Eight of the friends came back to the Strip casino at 1:20 a.m. with plans to gamble a while before going to bed. It was a turn-over day, early Friday morning, when many tourists at the hotel were enjoying the first of a four-night weekend package. Even at that hour it was still busy.
As Heather and three of her friends approached the cashier, Stephen Mullen, who had returned to the casino after allegedly making off with a purse earlier in the evening, nearly knocked over one of the group as he ran off the escalator. They exchanged words. Moments later the group heard what they thought were firecrackers.
Heather said, "Something's wrong," before she collapsed to the floor.
A friend scooped her up. She lay Heather on her right side, "so it wouldn't hurt," with her head in her lap.
"She didn't know (she had been shot), thank God," Taylor said. Within 40 seconds she was gone.
But Taylor didn't fully absorb the finality of Heather's death until later.
"This lady said, 'Don't go up there. There's been a shooting.' And then I knew something bad had happened," Taylor said. "I had such an awful feeling. It was just not a good feeling."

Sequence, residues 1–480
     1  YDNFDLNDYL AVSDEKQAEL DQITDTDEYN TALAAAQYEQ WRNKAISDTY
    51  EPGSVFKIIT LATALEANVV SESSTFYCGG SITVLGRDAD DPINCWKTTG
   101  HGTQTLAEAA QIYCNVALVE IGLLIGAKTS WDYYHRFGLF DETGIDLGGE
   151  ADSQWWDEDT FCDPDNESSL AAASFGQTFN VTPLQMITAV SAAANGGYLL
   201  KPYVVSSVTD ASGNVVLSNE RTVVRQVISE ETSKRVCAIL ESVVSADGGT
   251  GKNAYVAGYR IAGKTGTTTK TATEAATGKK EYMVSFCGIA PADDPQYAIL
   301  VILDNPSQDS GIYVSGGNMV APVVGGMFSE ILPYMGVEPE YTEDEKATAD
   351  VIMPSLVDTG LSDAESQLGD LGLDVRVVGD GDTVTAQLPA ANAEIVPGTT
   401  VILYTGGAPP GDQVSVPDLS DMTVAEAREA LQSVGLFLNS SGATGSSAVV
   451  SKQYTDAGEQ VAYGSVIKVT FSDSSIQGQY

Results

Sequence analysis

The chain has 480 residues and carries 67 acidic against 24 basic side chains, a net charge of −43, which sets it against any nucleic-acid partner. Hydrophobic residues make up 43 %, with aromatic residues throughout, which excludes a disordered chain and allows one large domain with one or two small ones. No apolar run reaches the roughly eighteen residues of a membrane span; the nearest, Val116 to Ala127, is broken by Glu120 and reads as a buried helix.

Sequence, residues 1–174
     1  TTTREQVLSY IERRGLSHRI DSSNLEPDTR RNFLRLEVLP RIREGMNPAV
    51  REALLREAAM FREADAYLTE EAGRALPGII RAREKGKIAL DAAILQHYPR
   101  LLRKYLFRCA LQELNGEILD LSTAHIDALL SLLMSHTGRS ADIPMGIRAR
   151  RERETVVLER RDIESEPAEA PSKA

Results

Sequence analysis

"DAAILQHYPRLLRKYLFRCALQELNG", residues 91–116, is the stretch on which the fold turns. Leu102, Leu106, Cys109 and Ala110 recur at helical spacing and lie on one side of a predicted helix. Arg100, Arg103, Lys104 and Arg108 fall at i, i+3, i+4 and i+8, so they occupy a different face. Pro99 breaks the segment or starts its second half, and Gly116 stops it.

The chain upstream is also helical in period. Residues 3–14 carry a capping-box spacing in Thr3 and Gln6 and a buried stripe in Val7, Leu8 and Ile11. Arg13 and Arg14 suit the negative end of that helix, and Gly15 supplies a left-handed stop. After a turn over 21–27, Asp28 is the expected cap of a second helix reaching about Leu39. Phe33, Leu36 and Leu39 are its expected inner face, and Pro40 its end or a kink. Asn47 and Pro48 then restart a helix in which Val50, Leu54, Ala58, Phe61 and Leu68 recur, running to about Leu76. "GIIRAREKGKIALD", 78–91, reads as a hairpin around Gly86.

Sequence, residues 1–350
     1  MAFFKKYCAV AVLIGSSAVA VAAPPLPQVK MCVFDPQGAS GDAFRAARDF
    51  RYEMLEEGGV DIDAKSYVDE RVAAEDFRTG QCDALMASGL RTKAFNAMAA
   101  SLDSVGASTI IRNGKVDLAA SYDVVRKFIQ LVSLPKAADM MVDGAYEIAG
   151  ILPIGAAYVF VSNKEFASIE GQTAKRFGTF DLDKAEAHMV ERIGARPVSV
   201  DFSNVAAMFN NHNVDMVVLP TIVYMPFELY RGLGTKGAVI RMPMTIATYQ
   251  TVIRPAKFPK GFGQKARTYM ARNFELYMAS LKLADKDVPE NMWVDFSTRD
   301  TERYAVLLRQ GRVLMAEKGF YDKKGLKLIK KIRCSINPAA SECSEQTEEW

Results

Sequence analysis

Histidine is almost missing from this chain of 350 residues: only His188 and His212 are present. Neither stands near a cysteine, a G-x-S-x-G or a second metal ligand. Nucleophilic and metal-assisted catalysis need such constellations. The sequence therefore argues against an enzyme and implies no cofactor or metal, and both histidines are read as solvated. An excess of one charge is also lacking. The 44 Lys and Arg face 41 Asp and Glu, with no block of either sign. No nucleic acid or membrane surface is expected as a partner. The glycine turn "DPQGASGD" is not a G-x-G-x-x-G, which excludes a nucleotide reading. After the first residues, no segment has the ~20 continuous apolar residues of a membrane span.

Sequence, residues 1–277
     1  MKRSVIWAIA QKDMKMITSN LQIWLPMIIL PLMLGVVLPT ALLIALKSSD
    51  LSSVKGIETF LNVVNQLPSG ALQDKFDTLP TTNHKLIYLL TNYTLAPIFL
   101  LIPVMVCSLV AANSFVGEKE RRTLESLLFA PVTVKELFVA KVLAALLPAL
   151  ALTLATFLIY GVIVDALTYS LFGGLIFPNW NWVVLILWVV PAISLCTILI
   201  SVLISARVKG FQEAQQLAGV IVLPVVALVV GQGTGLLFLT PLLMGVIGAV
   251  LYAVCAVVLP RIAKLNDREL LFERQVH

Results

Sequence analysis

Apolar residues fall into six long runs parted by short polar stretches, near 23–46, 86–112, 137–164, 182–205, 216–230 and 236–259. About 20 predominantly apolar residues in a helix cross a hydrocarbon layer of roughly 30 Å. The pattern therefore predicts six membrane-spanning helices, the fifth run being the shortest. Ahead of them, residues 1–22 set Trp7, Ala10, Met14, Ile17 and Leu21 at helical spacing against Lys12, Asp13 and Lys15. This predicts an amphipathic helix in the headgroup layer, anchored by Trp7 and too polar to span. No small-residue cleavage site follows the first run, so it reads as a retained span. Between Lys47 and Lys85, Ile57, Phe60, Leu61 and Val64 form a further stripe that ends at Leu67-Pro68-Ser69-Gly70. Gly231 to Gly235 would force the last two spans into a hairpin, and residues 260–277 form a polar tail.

The night before family and friends spread Heather's ashes beyond the surf at Ho'okipa Beach, people stayed up late making leis. They dug a hole for cooking an emu.
They wrapped the last pig of the season in chicken wire and burlap bags and buried it with turkey and fish and breadfruit on top of a fire of mesquite and lava rocks tamped down with banana leaves. Then they built a house over the cooking pig, out of tree branches with a metal roof. They stayed up and tended it all night.
"By tradition, the men make the meat, and the women prepare the starch and that way you don't have to discuss it," Sandy Vitarelli said. "In an emergency, you just do what you do. The men go fishing and get the fish. You make the emu. It's like a team."
The morning of Heather's burial at sea was overcast and rainy, but by afternoon the sky had cleared and a sizable surf was pounding the beach. About 300 people attended the service and then shared the ceremonial feast spread over two long tables.
Sixty surfers paddled beyond the breakers and formed a circle. Donny, Heather's biological father, spread the ashes while William, her 89-year-old adopted dad, watched from the shore. Other mourners tossed flowers and leis from a nearby rocky point.
"She was very lovely, a happy good student. She loved to dance," said William Vitarelli. "She was just about to graduate from college. She had loads of friends, close friends. It's a tragedy. It's just hard to imagine."